Councillor accused of assault

Maude Sifani and Funiwe Makeleni say they were assaulted by two men.
Maude Sifani and Funiwe Makeleni say they were assaulted by two men.
Image: Fredlin Adriaan

Just hours after his house and family were threatened, a Nelson Mandela Bay councillor allegedly went on the rampage, viciously attacking two women.

Cases of assault and another of pointing a firearm have been laid against Nelson Mandela Bay Ward 41 councillor Simphiwe Tyukana.

He denies the claims. The two women, Funiwe Makeleni, 55, and Maude Sifani, 57, allege that Tyukana attacked them without provocation.

Tyukana has vehemently denied the claim.

Makeleni said she had been inside her KwaDwesi Extension home when she heard tyres screeching outside. When she went to have a look, she saw a woman being chased by a silver Polo and a municipal vehicle.

“Initially I thought the municipal vehicle was chasing the Polo, but then when the Polo tried knocking her [Sifani] over I realised they were chasing her,” she said.

Makeleni said Sifani had run into her yard and Tyukana had jumped out of the car and slapped the woman.

Makeleni alleged that the councillor had turned on her when she asked why he was beating Sifani, who by that time was lying on the ground.

“I asked him why he was beating up this poor woman. He turned to me and started coming at me while shaking.

“He started choking me and squeezing my neck tighter and when he pointed his gun at me the man he was with told him they should leave,” Makeleni said.

Sifani said she had been on her way home after having gone to look for spinach when she noticed two cars coming towards her.

She thought they were going somewhere until they allegedly tried to knock her over.

“I jumped into Angelina’s [Makeleni’s] house trying to get away from these two men. Tyukana said I burnt his house. He slapped me and started kicking me. I fell to the ground and he started kicking me.”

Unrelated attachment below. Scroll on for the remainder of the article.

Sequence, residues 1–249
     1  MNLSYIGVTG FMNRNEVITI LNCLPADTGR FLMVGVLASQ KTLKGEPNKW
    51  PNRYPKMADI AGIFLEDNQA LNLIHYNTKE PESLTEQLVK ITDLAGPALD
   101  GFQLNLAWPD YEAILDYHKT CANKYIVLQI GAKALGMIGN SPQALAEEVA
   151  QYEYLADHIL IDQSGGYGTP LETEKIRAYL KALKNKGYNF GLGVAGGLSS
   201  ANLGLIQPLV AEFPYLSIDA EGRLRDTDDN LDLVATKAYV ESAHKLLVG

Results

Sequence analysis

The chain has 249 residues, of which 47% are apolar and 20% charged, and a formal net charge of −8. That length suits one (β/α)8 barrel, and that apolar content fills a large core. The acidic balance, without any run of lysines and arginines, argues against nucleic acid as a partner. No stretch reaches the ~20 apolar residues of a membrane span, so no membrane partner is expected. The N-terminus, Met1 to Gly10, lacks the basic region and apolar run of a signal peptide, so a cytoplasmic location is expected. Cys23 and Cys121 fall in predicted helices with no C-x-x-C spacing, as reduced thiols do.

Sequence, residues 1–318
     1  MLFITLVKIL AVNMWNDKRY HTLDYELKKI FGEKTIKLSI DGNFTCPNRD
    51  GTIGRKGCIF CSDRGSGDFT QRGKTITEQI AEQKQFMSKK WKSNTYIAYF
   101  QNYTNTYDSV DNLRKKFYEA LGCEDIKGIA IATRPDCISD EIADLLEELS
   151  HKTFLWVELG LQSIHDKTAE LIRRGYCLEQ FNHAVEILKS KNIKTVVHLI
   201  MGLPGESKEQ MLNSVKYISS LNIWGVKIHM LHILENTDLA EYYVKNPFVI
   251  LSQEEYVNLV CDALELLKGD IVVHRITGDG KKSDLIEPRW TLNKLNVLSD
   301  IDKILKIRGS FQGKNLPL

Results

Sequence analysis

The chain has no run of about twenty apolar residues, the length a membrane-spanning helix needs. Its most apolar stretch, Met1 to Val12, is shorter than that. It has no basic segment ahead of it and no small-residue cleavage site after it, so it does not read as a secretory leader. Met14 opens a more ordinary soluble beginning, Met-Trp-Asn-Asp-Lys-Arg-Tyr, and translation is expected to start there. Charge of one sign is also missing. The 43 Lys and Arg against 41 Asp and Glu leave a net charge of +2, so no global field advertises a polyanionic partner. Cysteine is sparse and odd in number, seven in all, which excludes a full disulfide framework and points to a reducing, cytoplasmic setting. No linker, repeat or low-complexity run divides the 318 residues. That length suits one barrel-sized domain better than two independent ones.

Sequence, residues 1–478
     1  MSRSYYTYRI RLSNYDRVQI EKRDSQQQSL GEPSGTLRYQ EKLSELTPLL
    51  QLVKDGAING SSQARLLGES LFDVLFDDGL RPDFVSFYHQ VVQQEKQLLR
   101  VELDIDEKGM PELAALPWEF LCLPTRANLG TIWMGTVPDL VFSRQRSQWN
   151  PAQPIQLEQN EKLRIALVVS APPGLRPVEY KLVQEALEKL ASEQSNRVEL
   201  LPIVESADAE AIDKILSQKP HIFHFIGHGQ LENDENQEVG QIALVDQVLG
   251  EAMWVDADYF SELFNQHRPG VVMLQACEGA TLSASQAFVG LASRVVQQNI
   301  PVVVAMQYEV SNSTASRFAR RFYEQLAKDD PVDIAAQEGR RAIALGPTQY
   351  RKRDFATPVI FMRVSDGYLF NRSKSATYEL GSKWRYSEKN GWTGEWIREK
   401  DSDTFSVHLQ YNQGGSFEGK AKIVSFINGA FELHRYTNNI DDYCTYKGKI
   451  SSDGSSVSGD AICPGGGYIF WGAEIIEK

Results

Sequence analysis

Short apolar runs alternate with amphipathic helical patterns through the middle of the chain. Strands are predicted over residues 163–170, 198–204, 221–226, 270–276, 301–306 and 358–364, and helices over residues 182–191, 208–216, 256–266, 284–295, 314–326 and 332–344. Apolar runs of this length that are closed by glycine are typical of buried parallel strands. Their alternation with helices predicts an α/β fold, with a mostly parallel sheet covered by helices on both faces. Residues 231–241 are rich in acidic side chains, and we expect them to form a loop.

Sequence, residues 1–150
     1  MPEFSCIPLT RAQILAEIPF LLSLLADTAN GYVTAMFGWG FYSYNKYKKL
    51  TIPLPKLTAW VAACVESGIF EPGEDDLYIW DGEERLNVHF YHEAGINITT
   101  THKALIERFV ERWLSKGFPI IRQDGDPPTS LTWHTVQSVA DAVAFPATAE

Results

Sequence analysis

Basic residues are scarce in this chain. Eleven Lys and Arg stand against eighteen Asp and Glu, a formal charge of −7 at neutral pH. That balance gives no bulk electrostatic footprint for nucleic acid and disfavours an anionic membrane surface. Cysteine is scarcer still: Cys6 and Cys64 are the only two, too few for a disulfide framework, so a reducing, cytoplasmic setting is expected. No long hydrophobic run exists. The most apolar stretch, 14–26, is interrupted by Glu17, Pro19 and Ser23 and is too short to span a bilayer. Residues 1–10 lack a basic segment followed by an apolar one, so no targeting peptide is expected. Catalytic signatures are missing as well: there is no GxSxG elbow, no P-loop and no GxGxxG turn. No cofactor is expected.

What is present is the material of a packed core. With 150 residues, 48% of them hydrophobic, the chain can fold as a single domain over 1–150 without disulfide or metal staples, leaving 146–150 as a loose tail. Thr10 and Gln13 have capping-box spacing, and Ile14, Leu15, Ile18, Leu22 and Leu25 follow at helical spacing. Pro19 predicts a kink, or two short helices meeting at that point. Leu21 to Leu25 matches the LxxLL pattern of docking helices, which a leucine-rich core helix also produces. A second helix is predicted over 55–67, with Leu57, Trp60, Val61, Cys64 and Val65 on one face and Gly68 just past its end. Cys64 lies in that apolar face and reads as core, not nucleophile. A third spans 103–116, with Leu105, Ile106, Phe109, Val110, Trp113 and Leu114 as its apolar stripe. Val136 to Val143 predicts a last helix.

On Thursday, Tyukana’s home was attacked after homes – illegally built on municipal land – were demolished in the Joe Slovo township.

Residents, angry about evictions and the demolished homes, threw stones at his windows and tried to burn down the house.

Tyukana’s wife, two children and a neighbour were inside the house at the time.

Residents claimed Tyukana had allowed people who had been waiting for houses for more than 25 years to live on the land and when municipal trucks demolished their shacks they turned on the councillor.

Sifani alleged that after kicking her and accusing her of being one of the people who had tried to burn down his home, Tyukana had hit her on the head with a gun.

Sifani denied being part of the attack on Tyukana’s home.

Both women were treated at Livingstone Hospital before opening cases at the KwaDwesi police station.

Tyukana said he was shocked by the allegations and denied even owning a gun.

“I don’t have a gun. I’ve never even owned a gun so I don’t know what these two women are talking about,” he said.

The councillor said when he got the news that his home and children were under attack he had rushed home, and when he saw the mob running from his house he had given chase.

“I wanted to see their faces, see who tried burning my house and there was one particular young man who ran into a house nearby and we chased after him.

“He ran into a house and locked himself in. We kicked down the back door and apprehended him. As we speak that guy is behind bars,” he said.

Tyukana denied punching or kicking the two women and said the only encounter he had had was kicking down the door, for which he has taken full responsibility.

“As soon as I realised the man was arrested, I went to my house to put out the fire that was started by angry residents,” he said.